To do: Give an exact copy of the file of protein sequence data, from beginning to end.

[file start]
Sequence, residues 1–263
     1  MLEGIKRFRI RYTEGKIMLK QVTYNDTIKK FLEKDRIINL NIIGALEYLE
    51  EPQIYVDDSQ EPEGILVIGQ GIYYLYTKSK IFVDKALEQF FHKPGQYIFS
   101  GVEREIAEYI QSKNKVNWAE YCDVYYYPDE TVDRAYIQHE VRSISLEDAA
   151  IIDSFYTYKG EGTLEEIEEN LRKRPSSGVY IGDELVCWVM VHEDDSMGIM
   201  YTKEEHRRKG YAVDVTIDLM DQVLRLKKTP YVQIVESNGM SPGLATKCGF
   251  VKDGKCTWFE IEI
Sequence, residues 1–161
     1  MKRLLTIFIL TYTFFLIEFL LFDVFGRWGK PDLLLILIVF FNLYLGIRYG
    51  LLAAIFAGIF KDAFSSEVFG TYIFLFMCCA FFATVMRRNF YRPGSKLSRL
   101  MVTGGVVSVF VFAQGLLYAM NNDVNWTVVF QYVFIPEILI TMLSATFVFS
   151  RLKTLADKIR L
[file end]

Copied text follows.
Sequence, residues 1–263
     1  MLEGIKRFRI RYTEGKIMLK QVTYNDTIKK FLEKDRIINL NIIGALEYLE
    51  EPQIYVDDSQ EPEGILVIGQ GIYYLYTKSK IFVDKALEQF FHKPGQYIFS
   101  GVEREIAEYI QSKNKVNWAE YCDVYYYPDE TVDRAYIQHE VRSISLEDAA
   151  IIDSFYTYKG EGTLEEIEEN LRKRPSSGVY IGDELVCWVM VHEDDSMGIM
   201  YTKEEHRRKG YAVDVTIDLM DQVLRLKKTP YVQIVESNGM SPGLATKCGF
   251  VKDGKCTWFE IEI
Sequence, residues 1–161
     1  MKRLLTIFIL TYTFFLIEFL LFDVFGRWGK PDLLLILIVF FNLYLGIRYG
    51  LLAAIFAGIF KDAFSSEVFG TYIFLFMCCA FFATVMRRNF YRPGSKLSRL
   101  MVTGGVVSVF VFAQGLLYAM NNDVNWTVVF QYVFIPEILI TMLSATFVFS
   151  RLKTLADKIR L